Impact Stories

Toronto The Good with Al Ramsay (TD)

Certified B Corporations @GladstoneHotel and @RampAgencyTO launch an inspiring bi-weekly blog series #TorontoTheGood.

Jennifer Paukman

Categories: Impact Stories

April 23, 2019

Certified B Corporations @GladstoneHotel and @RampAgencyTO launch an inspiring bi-weekly blog series #TorontoTheGood. The series sparks thoughtful conversations through interviews with influencers, social entrepreneurs, and innovators who are shining a light on the city’s toughest issues and championing change to make Toronto, and the world a better place.

Al Ramsay is TD’s National Manager for LGBTQ2+ Business Development.

Have you always lived in Toronto?

No, I was born and raised in rural Jamaica. I moved to Canada when I was 18 years old. At that point, I hadn’t seen my mom in five years. My mom and dad selflessly left their kids behind and immigrated to Canada to create a better life for us. I will never forget how my mom broke down when we were first reunited. My parents worked so hard to create a new beginning for us and it changed our lives. In Canada, I settled in Brampton and after university, I moved to Toronto.

What was life like for your growing up?

Jamaica is not the most inclusive place to live as a gay man. I struggled with my sexuality and lived ‘in the closet.’ When I turned 18, I was at a crossroads. I could no longer hide behind my studies and I was worried that I might be found out. Moving to Canada quite literally saved my life. I would not be where I am today if it were not for my mother’s bravery, love, and support.

Were you able to come out to your family once you got to Canada?

My ‘coming out’ story is unique. I had a very religious upbringing. I was an altar boy and a Sunday school teacher so I had many internal conflicts to overcome. In university, I was living a dual life while I was still coming to terms with my sexuality. Working at TD was a turning point for me because it helped me ‘come out’ to myself first. I was doing an internship at another financial institution where I was being bullied in the workplace for being gay. I thought my career was over when I was fortunate enough to meet a former vice president at TD. He took a chance on me and it changed my life forever.

What was your first role at TD?

When I walked into TD, I decided to rebrand myself. For the first time in my life, I showed up as a proud, open, gay man. My role was Manager of Community Relations. I formed partnerships with grassroots organizations that were meaningful to the South Asian, black, Chinese, Korean, and LGBTQ2+ communities. Living authentically empowered me and I brought my whole self to work. I was out and proud at TD before I ever came out to my parents. I felt comfortable because I knew TD was a truly inclusive place. The culture and support I received here fast-tracked my ‘coming out’ story.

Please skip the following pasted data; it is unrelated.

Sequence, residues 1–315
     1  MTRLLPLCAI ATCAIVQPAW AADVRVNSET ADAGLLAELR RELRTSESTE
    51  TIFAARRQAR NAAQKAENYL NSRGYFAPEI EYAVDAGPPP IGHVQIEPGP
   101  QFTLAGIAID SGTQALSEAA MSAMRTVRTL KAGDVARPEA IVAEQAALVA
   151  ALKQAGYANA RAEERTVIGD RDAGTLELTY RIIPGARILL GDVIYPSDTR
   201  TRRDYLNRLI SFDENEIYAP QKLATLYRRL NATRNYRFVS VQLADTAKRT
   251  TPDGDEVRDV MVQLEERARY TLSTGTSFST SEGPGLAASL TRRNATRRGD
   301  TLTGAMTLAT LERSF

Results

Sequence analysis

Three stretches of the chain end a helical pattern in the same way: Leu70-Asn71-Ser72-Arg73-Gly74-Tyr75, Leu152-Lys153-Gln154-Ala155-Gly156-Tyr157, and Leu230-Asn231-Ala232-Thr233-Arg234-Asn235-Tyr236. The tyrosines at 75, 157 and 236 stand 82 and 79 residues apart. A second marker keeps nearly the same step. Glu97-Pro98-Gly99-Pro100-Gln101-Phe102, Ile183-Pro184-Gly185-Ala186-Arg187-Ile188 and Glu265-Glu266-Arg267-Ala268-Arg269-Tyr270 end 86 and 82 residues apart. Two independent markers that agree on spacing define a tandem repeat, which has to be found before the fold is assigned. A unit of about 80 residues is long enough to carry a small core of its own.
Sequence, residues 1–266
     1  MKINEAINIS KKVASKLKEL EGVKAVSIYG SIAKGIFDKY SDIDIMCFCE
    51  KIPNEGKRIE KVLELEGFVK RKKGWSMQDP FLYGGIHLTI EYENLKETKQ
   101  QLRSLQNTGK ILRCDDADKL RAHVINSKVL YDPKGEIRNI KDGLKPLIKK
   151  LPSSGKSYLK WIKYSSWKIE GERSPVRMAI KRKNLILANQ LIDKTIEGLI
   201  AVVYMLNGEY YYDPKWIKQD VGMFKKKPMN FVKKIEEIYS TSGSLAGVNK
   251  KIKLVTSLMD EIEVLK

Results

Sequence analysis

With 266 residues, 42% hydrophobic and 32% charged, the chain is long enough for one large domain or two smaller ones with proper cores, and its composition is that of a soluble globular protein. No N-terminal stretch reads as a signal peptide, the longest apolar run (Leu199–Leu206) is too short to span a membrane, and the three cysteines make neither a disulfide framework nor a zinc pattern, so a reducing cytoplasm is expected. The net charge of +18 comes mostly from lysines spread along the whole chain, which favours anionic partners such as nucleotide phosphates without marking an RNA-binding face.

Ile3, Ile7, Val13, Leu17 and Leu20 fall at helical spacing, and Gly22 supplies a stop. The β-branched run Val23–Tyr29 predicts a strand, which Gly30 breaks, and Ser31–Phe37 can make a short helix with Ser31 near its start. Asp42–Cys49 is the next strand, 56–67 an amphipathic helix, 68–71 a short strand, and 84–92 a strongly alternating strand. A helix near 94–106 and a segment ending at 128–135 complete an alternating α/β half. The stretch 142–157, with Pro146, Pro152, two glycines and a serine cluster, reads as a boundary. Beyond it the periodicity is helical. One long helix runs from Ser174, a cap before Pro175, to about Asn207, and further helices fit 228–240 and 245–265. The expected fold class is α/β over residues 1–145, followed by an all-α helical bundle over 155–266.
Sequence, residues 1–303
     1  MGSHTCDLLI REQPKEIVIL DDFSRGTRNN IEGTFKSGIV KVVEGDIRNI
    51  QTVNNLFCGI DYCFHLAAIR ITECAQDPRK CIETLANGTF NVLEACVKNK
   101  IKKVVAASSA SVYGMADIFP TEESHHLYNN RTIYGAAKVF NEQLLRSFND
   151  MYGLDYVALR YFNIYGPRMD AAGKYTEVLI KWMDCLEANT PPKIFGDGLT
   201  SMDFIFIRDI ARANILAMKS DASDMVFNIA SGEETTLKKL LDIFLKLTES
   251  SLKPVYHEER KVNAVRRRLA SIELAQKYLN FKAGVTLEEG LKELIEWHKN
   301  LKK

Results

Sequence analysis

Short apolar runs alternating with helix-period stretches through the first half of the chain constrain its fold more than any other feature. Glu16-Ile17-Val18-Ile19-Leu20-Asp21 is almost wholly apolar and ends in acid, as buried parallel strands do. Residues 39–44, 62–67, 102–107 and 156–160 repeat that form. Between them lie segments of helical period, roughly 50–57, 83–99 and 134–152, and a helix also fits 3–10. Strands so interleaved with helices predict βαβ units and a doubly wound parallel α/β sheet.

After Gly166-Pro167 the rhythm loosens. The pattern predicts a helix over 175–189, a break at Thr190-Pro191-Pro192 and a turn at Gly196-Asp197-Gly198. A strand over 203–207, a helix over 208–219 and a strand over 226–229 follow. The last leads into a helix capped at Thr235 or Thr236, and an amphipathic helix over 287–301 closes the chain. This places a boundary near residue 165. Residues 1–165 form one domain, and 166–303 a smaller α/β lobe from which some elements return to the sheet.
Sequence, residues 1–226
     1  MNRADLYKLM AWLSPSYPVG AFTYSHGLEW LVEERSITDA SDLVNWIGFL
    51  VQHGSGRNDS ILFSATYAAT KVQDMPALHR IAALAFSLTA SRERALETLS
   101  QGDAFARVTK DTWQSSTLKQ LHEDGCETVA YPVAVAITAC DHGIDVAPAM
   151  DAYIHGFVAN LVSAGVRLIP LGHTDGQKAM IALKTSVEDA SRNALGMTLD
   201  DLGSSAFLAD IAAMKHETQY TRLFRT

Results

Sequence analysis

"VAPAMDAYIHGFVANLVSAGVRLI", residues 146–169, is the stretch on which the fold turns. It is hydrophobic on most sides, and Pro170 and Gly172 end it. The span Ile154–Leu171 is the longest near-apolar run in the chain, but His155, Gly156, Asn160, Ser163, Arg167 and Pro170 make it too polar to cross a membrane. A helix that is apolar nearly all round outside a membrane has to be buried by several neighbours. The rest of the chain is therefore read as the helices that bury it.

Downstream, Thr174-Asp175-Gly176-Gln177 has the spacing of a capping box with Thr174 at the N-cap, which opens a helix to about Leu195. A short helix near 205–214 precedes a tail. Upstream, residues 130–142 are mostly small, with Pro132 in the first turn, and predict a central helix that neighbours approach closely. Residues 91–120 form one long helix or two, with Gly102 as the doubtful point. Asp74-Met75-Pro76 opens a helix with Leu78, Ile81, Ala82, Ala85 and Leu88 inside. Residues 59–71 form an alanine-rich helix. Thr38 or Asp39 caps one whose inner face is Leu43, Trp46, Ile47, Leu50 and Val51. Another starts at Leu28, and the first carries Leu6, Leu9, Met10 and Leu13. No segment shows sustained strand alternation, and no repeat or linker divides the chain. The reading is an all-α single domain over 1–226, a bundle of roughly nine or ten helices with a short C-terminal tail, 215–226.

It did? How so?

I was speaking about inclusivity a lot at TD and supporting the LGBTQ2+ community which caused me to self-reflect. I knew that employees looked to me as a leader and a guiding light. At that time, our former CEO, Ed Clark mandated that we kick start Diversity 2.0. We already supported inclusion from an HR perspective but Diversity 2.0 meant making it an embedded, integral part of our business that was non-negotiable. Our areas of focus were LGBTQ2+, Women in Leadership, Persons with Disabilities, Visible Minorities in Leadership, and Indigenous Peoples. In 2005, these conversations were so avant-garde and new to Bay Street that the media became interested in what we were doing.

The National Post wanted to feature TD and they interviewed many of our senior leaders. Guess what? Even though I was the most junior person, they wanted to use my picture on the front page of one of their sections. I called my mom and told her that we needed to talk. Being featured in that article gave me the courage and motivation I needed to ‘come out’. I knew I had to stand tall and embrace it because I wanted to be featured. TD was leading the inclusivity movement and I felt so privileged to be a part of it. I refused to stay ‘in the closet’ any longer and that’s how I came out to my family. It’s something I look back on and smile.

That must have felt so good!

I still remember that day vividly. It was like these huge bricks were lifted from my shoulders. I glided all the way home. I walked down Church Street with my head held high (something I was too afraid to do before for fear of being spotted). Finally, I found my truth and it was powerful. Thankfully my parents were supportive.

What was the reaction to the article?

It felt like TD was ‘coming out of the closet’ too. For the first time that I knew of, a big Canadian company was openly and directly supporting the LGBTQ2+ community. We were the first bank to sponsor Pride Toronto and today we support over 80 Pride festivals and 160 community organizations across North America. Of course, there were many naysayers and we faced opposition. Certain customers threatened to withdraw millions from the bank. It was a moment of truth. The news reached the top and our senior executive team responded. They said that we would continue to embrace and support the LGBTQ2+ community because they are a valued part of our customer base. If some of our customers did not like our culture and our policies, they were free to take their money elsewhere. That response is one of the reasons I am so passionate about working at TD. As a young man, hearing those words from leadership showed me that inclusion is an authentic part of our culture and it’s embedded in our DNA.

Tell me more about your role.

I’m the National Manager of LGBTQ2+ Business Development at TD. It’s the only role of its kind in the financial industry in North America. My job is to show our LGBTQ2+ customers that we value their business and I work with a team of regional managers across Canada who support, recognize, thank, and retain customers from the community. We have a mantra called “forever proud” and the symbol is a rainbow flag in a circle. It means we’re not just Pride Month and done. We think about the community 365 days a year. It makes good business sense because it’s a lucrative market, it also helps us attract the right talent, but ultimately, it’s just the right thing to do.

A lot of work goes into pride 365. Some of it is part of the scope of my job, but a lot is volunteering and giving back to the community. We support many grassroots community organizations across North America. Our team talks to them, partners with them, and engages authentically to understand what the community wants. We live and breathe pride 365 and we’re part of the community year-round.

Did you always think that this is something that you’d be doing?